Talk:Instruction pipelining

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Why does "superpipelined" redirect here?[edit]

Not used or defined in article. (talk) 17:28, 26 August 2014 (UTC)

Note that page's history. It was a separate article until 2005, when it was redirected here. I take it that "superpipelining" is a follow-on technique to pipelining, in which the most time-consuming individual stages are replaced by multiple stages, each of which is shorter in duration and presumably can be executed in parallel. Spike-from-NH (talk) 21:23, 26 August 2014 (UTC)

Negation missing?[edit]

While reading the page, I saw this sentence:

It therefore allows faster CPU throughput (the number of instructions that can be executed in a unit of time) than would otherwise be possible at a given clock rate.

Shouldn't that be "wouldn't otherwise be possible"? Seems confusing to me. — Preceding unsigned comment added by V shashenko (talkcontribs) 08:32, 21 June 2016 (UTC)

Hello! The sentence is fine, it compares the pipelined (first part of the sentence) and non-pipelined (the second part) instruction throughputs. Hopefully, this will make it more clear. — Dsimic (talk | contribs) 08:48, 21 June 2016 (UTC)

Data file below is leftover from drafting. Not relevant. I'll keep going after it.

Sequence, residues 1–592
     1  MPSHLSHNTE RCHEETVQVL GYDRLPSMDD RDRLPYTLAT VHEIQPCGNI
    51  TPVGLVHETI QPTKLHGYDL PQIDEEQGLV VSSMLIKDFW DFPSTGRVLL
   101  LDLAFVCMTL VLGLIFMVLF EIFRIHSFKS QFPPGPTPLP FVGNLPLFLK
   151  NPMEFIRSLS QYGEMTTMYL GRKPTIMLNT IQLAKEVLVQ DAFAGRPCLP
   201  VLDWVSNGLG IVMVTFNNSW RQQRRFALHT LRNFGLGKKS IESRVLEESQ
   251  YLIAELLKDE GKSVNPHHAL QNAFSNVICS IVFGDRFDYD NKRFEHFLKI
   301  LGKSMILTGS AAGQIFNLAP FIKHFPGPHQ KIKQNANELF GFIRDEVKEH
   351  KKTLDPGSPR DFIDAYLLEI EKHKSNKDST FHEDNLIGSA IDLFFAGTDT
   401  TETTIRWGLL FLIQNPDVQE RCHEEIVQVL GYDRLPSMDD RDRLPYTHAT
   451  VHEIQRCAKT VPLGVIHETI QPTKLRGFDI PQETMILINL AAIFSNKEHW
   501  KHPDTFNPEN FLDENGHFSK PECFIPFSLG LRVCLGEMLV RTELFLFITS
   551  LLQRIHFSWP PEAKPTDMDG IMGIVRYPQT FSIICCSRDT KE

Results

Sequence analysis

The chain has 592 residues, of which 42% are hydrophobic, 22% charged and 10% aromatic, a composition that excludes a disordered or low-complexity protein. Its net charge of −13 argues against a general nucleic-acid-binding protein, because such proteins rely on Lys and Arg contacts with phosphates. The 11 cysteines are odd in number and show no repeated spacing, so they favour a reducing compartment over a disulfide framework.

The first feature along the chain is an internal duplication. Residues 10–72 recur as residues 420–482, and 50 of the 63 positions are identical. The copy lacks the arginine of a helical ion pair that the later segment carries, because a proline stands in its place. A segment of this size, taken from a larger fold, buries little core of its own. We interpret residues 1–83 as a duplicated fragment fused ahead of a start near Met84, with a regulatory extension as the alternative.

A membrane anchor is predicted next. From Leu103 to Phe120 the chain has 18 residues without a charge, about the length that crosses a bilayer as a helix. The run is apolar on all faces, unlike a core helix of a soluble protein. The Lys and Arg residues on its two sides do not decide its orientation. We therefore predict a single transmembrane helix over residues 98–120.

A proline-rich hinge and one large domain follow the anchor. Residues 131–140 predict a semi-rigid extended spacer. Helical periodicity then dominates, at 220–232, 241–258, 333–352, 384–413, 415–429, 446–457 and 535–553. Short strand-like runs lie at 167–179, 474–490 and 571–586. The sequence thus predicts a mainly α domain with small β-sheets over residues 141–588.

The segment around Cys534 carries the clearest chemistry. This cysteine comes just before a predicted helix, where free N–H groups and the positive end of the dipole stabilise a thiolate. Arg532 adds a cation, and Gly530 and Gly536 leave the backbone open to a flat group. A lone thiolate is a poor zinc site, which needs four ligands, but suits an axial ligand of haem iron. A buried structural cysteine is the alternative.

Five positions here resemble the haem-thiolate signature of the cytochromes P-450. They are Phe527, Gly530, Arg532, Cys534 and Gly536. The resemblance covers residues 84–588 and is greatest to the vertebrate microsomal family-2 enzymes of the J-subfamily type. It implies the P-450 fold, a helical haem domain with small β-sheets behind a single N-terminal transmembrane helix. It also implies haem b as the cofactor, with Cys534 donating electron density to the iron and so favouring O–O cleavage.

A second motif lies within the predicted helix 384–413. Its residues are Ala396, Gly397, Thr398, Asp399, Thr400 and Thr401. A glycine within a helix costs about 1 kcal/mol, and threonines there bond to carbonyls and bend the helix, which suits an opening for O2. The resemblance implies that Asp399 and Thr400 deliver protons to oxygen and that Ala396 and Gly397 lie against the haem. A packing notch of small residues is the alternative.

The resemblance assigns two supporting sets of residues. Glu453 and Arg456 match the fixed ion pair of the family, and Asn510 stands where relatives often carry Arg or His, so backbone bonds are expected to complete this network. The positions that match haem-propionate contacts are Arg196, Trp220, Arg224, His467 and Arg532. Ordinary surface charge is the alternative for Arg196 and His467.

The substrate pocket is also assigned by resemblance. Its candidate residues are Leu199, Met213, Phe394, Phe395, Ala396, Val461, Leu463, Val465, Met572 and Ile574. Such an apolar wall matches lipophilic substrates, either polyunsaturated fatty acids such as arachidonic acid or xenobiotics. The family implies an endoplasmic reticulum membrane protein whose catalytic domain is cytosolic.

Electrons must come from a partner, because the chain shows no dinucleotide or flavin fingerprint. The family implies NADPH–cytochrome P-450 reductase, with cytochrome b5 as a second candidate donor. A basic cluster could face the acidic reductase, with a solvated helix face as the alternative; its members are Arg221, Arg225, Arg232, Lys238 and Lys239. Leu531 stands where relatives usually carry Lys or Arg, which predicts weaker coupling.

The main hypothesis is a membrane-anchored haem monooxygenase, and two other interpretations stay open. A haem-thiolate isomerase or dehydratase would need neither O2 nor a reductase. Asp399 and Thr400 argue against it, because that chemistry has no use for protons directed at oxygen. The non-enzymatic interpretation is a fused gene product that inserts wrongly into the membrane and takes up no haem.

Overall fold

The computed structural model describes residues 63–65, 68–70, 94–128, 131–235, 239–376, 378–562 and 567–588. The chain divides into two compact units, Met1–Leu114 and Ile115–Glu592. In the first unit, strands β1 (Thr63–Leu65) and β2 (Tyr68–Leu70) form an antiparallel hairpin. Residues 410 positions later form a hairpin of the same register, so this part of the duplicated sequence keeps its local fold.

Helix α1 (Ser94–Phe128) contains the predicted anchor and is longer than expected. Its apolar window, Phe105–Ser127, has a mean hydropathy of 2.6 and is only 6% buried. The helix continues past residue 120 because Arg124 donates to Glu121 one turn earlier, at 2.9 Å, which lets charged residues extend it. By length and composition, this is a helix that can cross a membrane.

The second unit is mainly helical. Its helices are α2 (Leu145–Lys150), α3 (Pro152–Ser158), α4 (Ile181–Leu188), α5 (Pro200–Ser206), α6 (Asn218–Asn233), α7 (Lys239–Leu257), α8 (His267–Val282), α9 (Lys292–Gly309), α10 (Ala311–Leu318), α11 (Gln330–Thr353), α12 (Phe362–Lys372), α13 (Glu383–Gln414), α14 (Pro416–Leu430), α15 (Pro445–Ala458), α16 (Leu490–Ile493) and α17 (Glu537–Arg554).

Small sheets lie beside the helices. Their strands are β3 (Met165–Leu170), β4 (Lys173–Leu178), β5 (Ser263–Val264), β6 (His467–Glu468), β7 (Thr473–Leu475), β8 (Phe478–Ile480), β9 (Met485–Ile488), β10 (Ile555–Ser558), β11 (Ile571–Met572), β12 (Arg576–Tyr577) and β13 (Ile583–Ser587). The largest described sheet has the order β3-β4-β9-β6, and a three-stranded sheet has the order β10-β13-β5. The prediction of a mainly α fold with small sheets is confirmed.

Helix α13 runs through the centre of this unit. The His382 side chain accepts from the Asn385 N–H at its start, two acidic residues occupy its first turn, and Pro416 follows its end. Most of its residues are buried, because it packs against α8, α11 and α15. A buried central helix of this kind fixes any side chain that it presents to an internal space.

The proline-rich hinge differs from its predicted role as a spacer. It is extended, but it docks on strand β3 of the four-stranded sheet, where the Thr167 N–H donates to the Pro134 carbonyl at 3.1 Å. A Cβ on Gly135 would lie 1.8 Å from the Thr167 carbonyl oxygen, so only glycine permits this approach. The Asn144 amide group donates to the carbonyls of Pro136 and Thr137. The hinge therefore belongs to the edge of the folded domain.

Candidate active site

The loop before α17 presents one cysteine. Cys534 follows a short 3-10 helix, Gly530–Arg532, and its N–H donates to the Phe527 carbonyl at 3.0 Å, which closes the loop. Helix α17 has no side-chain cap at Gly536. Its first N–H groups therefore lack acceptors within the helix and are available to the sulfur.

The need for a negative in constructions like this is a rule of some languages other than English (here I presume Russian). This is also true in Spanish. In English, the hypothetical clause of a comparison is not negated. There is a way to write it not as a comparison: "allows fast CPU throughput...that would not otherwise be possible." But the sentence is fine. Spike-from-NH (talk) 14:56, 22 December 2016 (UTC)

"frequently used in CPUs but avoided in real-time systems"[edit]

Aren't most CPUs now pipelined, and aren't most real-time systems based on CPUs? See "11-stage pipeline on the Cortex-R7", for example... (talk) 14:20, 22 December 2016 (UTC)

The comment is well-taken. This sentence ends, "in which latency is a hard constraint." I worked on processors where latency was a hard constraint, and even conditional execution could disturb refresh of the display monitor and make the image jitter. That was last century, and in the real world, the "hard constraint" between the start and end of an instruction is made insignificant by producing a processor that is one hundred times faster. I'll reword this paragraph. Spike-from-NH (talk) 14:39, 22 December 2016 (UTC)

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